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Carter: NIMBY health care reform
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Over the years I’ve had the honor and privilege of serving in many public positions — mayor of the city of Pooler, chairman of the Savannah-Chatham Metropolitan Planning Commission, and now as a state representative.

While I’ve learned many important lessons during this time, one of the most important that I’ve learned is the meaning of NIMBY— Not in My Back Yard.

Want to build a mental health care facility to serve those in need in the community?  

Go right ahead, but NIMBY.

How about building a halfway house in the community to help transition troubled teens back into society?  Fine, as long as it’s NIMBY.

Recently, a group of state senators in Georgia announced that they would introduce a resolution during the next legislative session that would amend the state’s constitution to stop Washington from enforcing health care reform here.

By invoking the 10th Amendment rights to the U.S. Constitution through this proposed state constitutional amendment, Georgians could stop the health care reform currently being debated in Washington.

The 10th Amendment says that any power not explicitly granted the federal government in the Constitution is preserved for the states. The health care reform bill currently being debated in Congress would be in violation of this, the senators say. By passing this resolution and amending Georgia’s state constitution, Georgians would not have to participate in any federal reform.  

The group of state senators contends that the President and Congress want to force Americans, including Georgians, into government-run health care, further deteriorating personal freedoms and increasing government mandates. The proposed state amendment would protect against this by establishing that no law could force an employer or health care provider to participate in any health care system and that employers could pay directly for lawful health care services without penalties or fines.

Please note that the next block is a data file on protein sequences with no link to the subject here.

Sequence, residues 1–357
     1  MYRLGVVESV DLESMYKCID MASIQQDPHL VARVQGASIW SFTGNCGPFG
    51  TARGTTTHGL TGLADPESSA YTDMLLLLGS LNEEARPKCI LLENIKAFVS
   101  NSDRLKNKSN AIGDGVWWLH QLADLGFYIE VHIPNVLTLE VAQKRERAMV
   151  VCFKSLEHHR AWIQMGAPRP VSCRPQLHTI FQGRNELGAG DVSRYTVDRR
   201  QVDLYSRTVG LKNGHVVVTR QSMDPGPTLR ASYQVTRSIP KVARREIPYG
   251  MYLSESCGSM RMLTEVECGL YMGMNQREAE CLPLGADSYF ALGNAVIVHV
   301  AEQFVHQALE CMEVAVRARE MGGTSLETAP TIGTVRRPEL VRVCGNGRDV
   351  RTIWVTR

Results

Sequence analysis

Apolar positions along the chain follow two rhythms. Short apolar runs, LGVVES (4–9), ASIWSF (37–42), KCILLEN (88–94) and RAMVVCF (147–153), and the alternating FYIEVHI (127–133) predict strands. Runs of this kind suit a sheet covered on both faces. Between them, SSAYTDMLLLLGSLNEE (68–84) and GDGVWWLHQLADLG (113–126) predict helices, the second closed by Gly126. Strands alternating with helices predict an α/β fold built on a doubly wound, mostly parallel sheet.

The battle over states rights vs. the federal government is nothing new in our country.  In fact, the 10th Amendment was added to the U.S. Constitution for that very reason — to clarify the rights of states and the federal government.  

This is also not the first time Georgia has expressed concern over 10th Amendment rights. During the last legislative session, the state Senate passed SR 632, a resolution that affirms the state’s belief in the 10th Amendment rights based on principles cited by Thomas Jefferson in a resolution written for the Kentucky legislature in 1798.

And Georgia is not the only state to stand up for their rights. In fact, the governor of Texas has earned the nickname Gov. Rick “Secessionist” Perry over his strong sentiments of state rights and hints of possible secession from the union.

Arizona, reacting more specifically to the healthcare issue, has proposed The Freedom of Choice in Health Care Act which would amend the state constitution to assure their citizens have the freedom of medical choice.  

Proponents of health care reform point to Medicare, government-run health care for seniors, as an example of a federal program that has been in place in states for many years yet has not been challenged by 10th Amendment concerns.  

Other proponents of healthcare reform are quick to point out that states require everyone who drives to have auto insurance, so why not require the same of health insurance?   

Regardless, almost everyone agrees that healthcare reform is needed in our nation — but at what price?  

For some, the perceived loss of personal freedom of choice is too much. For others, it’s a matter of state’s rights vs. the federal government.  

In the case of these state senators from Georgia the message is clear — NIMBY — Not in My Back Yard.    
Rep. Buddy Carter can be reached at Coverdell Legislative Office Building (CLOB) Room 508, Atlanta, GA, 30334. His Capitol office number is (404) 656-0213.